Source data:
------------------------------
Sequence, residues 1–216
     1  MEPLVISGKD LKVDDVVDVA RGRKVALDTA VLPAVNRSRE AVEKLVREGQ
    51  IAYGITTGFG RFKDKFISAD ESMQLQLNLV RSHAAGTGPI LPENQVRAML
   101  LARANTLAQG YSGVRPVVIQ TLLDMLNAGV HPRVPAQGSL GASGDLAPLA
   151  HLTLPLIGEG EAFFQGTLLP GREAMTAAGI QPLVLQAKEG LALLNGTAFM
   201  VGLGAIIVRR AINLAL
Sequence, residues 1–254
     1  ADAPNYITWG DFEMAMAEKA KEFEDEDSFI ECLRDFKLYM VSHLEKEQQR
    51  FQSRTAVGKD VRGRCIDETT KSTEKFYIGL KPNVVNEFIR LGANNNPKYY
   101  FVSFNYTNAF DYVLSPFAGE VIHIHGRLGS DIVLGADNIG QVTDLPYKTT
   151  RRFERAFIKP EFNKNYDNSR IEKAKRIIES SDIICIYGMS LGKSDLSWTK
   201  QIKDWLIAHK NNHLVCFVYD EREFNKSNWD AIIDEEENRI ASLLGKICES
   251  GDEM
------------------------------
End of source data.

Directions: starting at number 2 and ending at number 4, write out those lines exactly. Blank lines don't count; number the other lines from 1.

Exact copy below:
     1  MEPLVISGKD LKVDDVVDVA RGRKVALDTA VLPAVNRSRE AVEKLVREGQ
    51  IAYGITTGFG RFKDKFISAD ESMQLQLNLV RSHAAGTGPI LPENQVRAML
   101  LARANTLAQG YSGVRPVVIQ TLLDMLNAGV HPRVPAQGSL GASGDLAPLA